Despite sanctions imposed by the European Union and the United States following Russia's invasion of Ukraine, Ivanov's ex-wife, Svetlana Maniovich, continued to live luxuriously in Europe, with sailing trips, skiing in the Alps and a residence in Paris. An investigation by Alexey Navalny's Anti-Corruption Foundation revealed 8,000 of the woman's emails sent over a period of more than twelve years. Among the documents are evidence of €850,000 in villa rentals in St Tropez, €250,000 in yacht rentals, €200,000 to buy and repair a Rolls-Royce, €104,000 for jewelery at a jeweler in Paris, €153,000 for a Dolce & Gabbana fashion show, 70,000 euros for a performance by Thomas Anders at their wedding and 178,000 euros for Ivanov's birthday party in Istanbul.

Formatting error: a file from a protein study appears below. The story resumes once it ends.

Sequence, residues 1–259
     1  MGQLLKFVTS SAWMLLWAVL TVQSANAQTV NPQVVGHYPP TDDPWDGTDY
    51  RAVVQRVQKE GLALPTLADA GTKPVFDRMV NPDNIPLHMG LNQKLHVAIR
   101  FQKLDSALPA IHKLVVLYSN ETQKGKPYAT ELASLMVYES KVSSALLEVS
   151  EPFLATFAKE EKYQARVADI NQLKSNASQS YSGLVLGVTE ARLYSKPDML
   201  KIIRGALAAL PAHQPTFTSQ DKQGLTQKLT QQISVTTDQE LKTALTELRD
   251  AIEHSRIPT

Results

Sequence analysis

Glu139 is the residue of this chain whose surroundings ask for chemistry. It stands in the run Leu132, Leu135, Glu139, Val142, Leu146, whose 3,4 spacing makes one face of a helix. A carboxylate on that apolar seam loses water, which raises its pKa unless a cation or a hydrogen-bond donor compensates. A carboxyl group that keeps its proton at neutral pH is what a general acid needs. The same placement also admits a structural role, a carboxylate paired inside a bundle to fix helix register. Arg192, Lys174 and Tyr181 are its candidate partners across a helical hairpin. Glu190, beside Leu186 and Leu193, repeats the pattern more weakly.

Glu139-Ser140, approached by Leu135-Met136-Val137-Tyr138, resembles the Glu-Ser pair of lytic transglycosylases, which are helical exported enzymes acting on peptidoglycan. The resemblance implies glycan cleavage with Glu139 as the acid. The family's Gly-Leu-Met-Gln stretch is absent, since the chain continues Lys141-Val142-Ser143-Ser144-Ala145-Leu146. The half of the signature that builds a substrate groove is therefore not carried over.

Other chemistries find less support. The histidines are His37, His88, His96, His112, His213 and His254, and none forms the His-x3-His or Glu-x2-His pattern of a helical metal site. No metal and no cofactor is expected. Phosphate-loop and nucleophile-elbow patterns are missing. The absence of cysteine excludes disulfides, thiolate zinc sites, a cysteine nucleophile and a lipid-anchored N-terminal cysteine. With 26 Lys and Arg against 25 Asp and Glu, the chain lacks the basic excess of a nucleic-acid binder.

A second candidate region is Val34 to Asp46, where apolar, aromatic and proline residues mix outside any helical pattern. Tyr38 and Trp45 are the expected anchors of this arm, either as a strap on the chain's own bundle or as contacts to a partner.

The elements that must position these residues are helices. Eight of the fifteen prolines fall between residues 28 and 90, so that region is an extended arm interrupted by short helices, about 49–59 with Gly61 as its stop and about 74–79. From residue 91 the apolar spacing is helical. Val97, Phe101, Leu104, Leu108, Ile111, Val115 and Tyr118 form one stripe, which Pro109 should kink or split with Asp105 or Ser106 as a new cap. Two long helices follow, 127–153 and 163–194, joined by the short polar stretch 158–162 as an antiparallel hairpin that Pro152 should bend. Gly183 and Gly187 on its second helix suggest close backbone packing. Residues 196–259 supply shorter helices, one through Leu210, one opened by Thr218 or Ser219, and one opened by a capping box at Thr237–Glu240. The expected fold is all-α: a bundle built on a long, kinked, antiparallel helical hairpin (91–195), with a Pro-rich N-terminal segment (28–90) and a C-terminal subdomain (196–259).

The incredible wealth and lavish lifestyle of Ivanov and his wife were well known to the public. Already in 2019, Forbes Russia magazine had listed him among the richest members of the national security apparatus. His conduct had not gone unnoticed, with numerous journalistic investigations exploring his alleged illicit activities. In 2019, investigative journalism site Proekt outlined a network of hidden real estate properties associated with him. Subsequently, with the start of the Russian offensive in Ukraine, Alexei Navalny's FBK reported the luxurious lifestyle of Ivanov and his ex-wife, Svetlana Zakharova, also known as Maniovich. The revelations included yachts, helicopters, Aston Martin luxury cars, exclusive birthday parties in St. Tropez, precious diamonds and a historic villa in Moscow, the same residence described as the home of the “Master” in Mikhail Bulgakov's novel.